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The European Social Forum in Paris

kathy | 14.11.2003 17:34

The European Social Forum in Paris (2003) is the third event of its kind, following the World Social Forum in Porte Alegre, Brazil (2001) and the European Social Forum held in Florence (2002). Paris is an ideal setting for this bunch of human rights activists given that the Treaty of Versailles was signed by a group of peacemakers in this city in January 1919.

It is time for a positive change. Activists are meeting to create their own forum rather than protesting against others’ meetings. In 2000 the IMF and World Bank met in Prague to discuss third world debt amongst other globalised issues. This was the follow up to Seattle which saw some of the worst violence on the streets being shown on television. This was a radical protest against the richest countries of the world and their unfair trade rules.

Full of allusions to the Velvet Revolution, the divisions I witnessed in Prague were more reminscent of the Spanish Civil War. The place was full of paranoia, police, and provocation of violence. The media was full of analysis of the failure of an ‘anti-globalisation movement’. Direct Action represented clear physical empowerment but it needs to be backed up with clearly thought out alternative proposals, and perhaps a polemicist for the 20th century! I stayed in Camp Strahov before it was raided, an accommodation centre which capitalised on the anti capitalists. These were my impressions:

The police are human beings too. But in full riot gear the lines of helmets mechanically banging their riot shields, it is difficult to think of them as anything other than automatons of global oppression. Capitalisms hegemonic power now means that economic globalisation is seen as inevitable, and a departure from the system unthinkable.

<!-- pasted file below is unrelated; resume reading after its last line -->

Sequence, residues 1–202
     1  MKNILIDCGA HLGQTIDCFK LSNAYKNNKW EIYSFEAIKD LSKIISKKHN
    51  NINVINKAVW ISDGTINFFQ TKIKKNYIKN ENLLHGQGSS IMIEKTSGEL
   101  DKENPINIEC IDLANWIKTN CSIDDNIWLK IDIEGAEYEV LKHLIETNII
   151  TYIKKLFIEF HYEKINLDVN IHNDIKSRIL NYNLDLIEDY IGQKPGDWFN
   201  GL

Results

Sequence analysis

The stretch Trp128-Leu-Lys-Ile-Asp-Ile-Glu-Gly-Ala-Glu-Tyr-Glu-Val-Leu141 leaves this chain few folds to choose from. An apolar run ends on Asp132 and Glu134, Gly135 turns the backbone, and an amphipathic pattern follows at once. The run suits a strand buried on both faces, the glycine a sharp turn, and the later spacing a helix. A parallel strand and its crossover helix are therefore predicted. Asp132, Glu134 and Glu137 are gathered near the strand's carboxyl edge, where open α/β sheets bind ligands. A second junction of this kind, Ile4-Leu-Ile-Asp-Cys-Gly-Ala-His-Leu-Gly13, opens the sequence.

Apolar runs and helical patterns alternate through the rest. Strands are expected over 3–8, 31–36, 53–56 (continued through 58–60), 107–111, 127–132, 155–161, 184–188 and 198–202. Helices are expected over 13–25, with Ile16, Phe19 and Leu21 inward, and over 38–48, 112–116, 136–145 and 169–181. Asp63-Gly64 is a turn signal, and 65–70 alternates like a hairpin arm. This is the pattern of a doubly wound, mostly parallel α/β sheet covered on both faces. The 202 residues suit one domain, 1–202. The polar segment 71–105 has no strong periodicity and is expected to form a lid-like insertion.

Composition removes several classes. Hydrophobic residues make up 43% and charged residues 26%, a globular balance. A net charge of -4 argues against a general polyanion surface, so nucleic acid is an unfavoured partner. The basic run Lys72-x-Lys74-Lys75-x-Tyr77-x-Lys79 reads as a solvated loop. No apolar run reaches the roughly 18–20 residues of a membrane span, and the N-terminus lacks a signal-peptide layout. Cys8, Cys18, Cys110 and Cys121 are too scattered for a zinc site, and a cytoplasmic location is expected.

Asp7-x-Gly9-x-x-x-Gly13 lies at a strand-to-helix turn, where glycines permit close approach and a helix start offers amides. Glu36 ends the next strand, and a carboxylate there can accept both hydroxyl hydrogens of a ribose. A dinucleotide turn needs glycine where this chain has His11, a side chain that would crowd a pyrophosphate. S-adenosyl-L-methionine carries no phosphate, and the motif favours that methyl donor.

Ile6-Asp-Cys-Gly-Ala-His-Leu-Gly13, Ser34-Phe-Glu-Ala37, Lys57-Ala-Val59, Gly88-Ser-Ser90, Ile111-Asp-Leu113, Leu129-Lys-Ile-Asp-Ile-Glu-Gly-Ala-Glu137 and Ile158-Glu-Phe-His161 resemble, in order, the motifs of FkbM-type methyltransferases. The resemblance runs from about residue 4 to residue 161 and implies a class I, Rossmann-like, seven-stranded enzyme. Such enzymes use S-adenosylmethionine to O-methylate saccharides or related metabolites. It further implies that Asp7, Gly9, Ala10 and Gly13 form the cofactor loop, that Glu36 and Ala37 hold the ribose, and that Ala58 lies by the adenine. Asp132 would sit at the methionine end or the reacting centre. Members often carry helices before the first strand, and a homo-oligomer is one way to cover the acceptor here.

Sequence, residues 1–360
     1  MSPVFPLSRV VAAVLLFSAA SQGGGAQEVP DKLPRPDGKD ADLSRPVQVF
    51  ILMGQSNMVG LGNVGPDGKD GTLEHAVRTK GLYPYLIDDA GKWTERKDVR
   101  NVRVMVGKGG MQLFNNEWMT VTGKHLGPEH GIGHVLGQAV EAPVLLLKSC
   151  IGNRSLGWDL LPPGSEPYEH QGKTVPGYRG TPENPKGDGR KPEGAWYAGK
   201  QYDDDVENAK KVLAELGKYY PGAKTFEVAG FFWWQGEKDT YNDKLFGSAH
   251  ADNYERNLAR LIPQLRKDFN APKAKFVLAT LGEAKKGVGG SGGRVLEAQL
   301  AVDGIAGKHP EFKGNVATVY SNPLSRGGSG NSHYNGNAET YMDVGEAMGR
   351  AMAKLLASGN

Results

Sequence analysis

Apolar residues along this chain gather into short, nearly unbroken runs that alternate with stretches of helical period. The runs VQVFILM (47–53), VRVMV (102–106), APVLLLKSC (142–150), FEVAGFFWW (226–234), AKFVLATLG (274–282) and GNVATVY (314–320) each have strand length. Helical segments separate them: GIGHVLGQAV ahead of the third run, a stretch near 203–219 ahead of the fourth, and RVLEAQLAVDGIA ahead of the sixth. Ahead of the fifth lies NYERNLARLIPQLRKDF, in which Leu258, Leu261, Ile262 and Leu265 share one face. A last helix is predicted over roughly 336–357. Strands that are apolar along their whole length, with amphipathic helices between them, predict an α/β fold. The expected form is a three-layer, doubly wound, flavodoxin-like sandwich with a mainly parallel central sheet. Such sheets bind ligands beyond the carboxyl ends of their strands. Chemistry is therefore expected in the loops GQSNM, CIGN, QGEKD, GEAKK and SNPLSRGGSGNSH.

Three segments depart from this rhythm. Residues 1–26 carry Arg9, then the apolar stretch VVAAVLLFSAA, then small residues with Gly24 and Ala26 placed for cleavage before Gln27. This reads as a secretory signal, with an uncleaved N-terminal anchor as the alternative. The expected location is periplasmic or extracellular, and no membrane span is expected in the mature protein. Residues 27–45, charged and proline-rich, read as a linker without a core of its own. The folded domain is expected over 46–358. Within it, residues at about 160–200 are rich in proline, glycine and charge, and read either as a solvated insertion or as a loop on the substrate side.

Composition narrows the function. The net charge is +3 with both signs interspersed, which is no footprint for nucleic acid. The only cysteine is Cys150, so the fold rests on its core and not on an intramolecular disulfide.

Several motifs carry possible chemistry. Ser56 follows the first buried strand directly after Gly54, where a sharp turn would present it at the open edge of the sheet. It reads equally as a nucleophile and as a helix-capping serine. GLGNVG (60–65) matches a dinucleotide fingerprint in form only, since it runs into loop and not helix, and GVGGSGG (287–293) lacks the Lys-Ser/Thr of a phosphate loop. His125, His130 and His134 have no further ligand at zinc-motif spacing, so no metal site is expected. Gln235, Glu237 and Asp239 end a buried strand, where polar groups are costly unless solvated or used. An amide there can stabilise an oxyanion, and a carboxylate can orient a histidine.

Dubbed by cynics as an inevitable repeat of Seattle, and by utopians as the start of revolution, citizens of Prague were led to expect violent conflict rather than the spread of peace and love. President Havel noted the preparations for the protests surrounding the week’s conference were similar to that before a civil war. ‘They were coming to wreak havoc on the city: the anarchists, communists, militant, disenfranchised members of society clad in black scarves and gas masks and waging war on security and order. Many residents left Prague for the week, shops and schools closed and the evacuated city was set up as a battleground with ten policemen on every street corner. The protesters meanwhile arrived to find residents too scared to speak to them.

Using antagonistic intimidation and always ultimately the threat of physical foce. The police are the armies of governments which can only survive if they preserve the status quo ultimately only possible because of its monopoly over the legitimate means of violence (Weber). Disempowered and frustrated, the angry stone hurlers succumbed to the continuous employment of antagonistic intimidation and the inducement of fear and paranoia. But when you have been recondtructed by society as a criminal, systematically and brutishly silenced, it has become the only expression of discontentment available.



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  1. strange article — steve